Why Companies Are Turning to Fractional Executives


What is a fractional executive, and how could your company benefit from having one? Read on to learn more!

The term “integrator” was coined by Gino Wickman in his best-selling business books “Traction” and “Rocketfuel.” You typically learn about integrators when implementing the Entrepreneurial Operating System (EOS) as a management practice for your company.

“An Integrator is a person who is the tie-breaker for the leadership team, is the glue for the organization, holds everything together, beats the drum (provides cadence), is accountable for the P&L results, executes the business plan, holds the Leadership Team accountable, and is the steady force in the organization.” (EOS Worldwide).

The term “fractional” implies that integrators (interchangeable with fractional executives) only work part-time. They take on a project and then move on to other clients as required.


Why Do Companies Need Fractional Executives?

While there’s nothing wrong with relying on books for business advice, having a fractional executive within the team can only be beneficial.

Because fractional executives are hired externally, they are not biased. Deploying business executives from within the team may not be as successful a plan and either way they’re rarely happy with the assignment.  

As for how long a fractional executive may stay with your company is difficult to predict. “For as long as it is needed” is the preferred way to observe the matter.

To get an idea, assess how long it would take your executives to accomplish the goals (which have been pre-determined before).

Processes for people development may be especially challenging regardless of the size of your business.

Nevertheless, employing a fractional executive is a smart move as they can quickly adapt obsolete procedures and processes and get the business back on track. Proficiency in the skill needed for these tasks, which is exactly what all integrators possess.


How to Find the Best Candidate

A usual conundrum sees managers wondering why skilled employees couldn’t be trained for the role. The usual answer is: time is short. These complex processes take time; if you need to exert more time to train the person in charge, the change will be slow in coming.

Specifically, fractional executives possess a combination of the skills mentioned below, as follows:

  • Balanced behavior patterns (in plain English: mild manners)
  • A balanced orientation
  • Knowledge and competence needed for efficient decision-making
  • Sense of unity and alignment with the company’s vision
  • Ability to pinpoint and resolve disputes before they escalate
  • Skill sets compatible with the industry
  • Capability to uphold core values
  • Same/similar business vision (preferably, mission, too)
  • New perspectives
  • Innovative ideas
  • Solutions to fill the gaps in business procedures
  • Errors and mistakes in business procedures
  • The capability to bring a positive challenge

The skills mentioned are to be used for illustrative purposes exclusively. There are, after all, many soft skills different individuals may be graced with.


Acquiring a Fractional Executive

Due to the benefits mentioned above, acquiring a fractional executive sounds like a reasonable path to take. These people can transform businesses in marvelous ways!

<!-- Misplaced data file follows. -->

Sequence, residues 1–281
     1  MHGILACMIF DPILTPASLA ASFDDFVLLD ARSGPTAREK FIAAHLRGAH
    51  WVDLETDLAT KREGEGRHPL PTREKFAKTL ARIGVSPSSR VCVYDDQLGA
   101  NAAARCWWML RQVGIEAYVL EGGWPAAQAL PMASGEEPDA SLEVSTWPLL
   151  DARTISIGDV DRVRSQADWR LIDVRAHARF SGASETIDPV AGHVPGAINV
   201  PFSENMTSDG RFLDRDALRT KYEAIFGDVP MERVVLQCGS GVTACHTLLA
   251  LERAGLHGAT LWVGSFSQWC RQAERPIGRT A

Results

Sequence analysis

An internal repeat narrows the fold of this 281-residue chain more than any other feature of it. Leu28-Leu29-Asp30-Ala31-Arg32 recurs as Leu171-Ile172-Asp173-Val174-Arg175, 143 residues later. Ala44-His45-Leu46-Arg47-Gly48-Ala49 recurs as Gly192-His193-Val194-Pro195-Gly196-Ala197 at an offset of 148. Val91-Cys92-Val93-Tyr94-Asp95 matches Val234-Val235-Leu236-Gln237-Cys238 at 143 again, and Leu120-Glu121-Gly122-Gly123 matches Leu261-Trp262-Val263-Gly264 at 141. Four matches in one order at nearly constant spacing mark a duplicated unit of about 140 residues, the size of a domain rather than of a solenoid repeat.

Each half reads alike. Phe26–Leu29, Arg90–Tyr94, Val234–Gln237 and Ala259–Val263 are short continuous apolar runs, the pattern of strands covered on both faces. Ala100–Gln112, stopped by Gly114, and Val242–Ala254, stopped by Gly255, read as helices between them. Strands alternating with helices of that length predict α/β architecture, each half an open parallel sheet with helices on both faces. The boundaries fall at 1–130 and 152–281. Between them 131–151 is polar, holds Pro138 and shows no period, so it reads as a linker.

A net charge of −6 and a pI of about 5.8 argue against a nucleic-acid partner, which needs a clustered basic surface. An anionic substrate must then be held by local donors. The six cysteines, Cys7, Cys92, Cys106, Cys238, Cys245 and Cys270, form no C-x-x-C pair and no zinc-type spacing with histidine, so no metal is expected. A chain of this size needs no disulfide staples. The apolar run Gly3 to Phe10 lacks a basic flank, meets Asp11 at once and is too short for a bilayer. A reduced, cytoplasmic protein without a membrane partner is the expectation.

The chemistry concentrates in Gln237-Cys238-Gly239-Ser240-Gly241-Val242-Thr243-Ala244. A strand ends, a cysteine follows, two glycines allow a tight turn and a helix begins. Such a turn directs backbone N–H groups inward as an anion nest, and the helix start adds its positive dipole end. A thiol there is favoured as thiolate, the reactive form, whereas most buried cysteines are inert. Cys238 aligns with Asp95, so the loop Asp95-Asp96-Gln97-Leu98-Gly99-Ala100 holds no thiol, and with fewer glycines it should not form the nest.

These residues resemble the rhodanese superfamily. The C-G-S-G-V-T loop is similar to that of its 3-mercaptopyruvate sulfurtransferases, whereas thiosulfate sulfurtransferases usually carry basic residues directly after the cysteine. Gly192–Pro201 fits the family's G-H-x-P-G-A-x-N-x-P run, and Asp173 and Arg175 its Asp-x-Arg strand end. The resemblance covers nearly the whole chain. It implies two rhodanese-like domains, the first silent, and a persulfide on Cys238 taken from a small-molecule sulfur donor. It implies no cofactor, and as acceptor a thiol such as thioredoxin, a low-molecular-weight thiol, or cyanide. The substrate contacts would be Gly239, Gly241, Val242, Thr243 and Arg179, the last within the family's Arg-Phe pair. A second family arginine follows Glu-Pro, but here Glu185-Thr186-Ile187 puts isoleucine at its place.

Aside from their skills, knowledge, and abilities, fractional executives are able to offer the fresh perspective that too many businesses desperately need.

Handling a range of complex issues that would otherwise be too challenging for managers to resolve on their own is not something outside of these professionals’ scope.

Fractional executives are capable of coming up with the answers that executives aren’t even able to imagine, much less implement, because they have vast experience dealing with similar issues and also because they’re not from within the team (which means they’re more objective).

This objectivity enables them to disengage from interpersonal conflicts and quickly and efficiently resolve all manners of complex issues.

Typically, integrators contribute to corporate development, employee engagement, communication, and project management, though other fields may come to mind. The most difficult of tasks — integrating the leadership team — is something they do on a regular basis.

Most importantly, integrators make sure that consistency, agility, and optimal prioritization are enforced.

It is undoubtedly a complex undertaking, so you should seek out individuals with a good outlook who don’t fear challenges (not that most integrators do).

It’s crucial that the integrator of your choice has the vision. Knowing exactly how to bring about difference and comprehensive integration is critical.


Strategic Planning

Strategic planning is the foundation of successful integration. Yet, in order for an integrator to be efficient in the long run, they must be able to lead all of these processes and have a thorough understanding of the business vision, dynamics, and functions. This is to say, make sure to communicate these three aspects clearly.

Finally, an integrator must be able to unleash a team’s full potential through effective leadership techniques.


Key Takeaways

Integrators play a key role in strategic development and efficient business organization. They provide the right cadence and guide teams toward future accomplishments. Fractional executives have a calm demeanor and specific skill sets.

Sometimes it can be challenging to find the perfect candidate, particularly when a business needs them quickly. Fear not! There are actually many businesses offering integrator services; you only need to compare the candidates.

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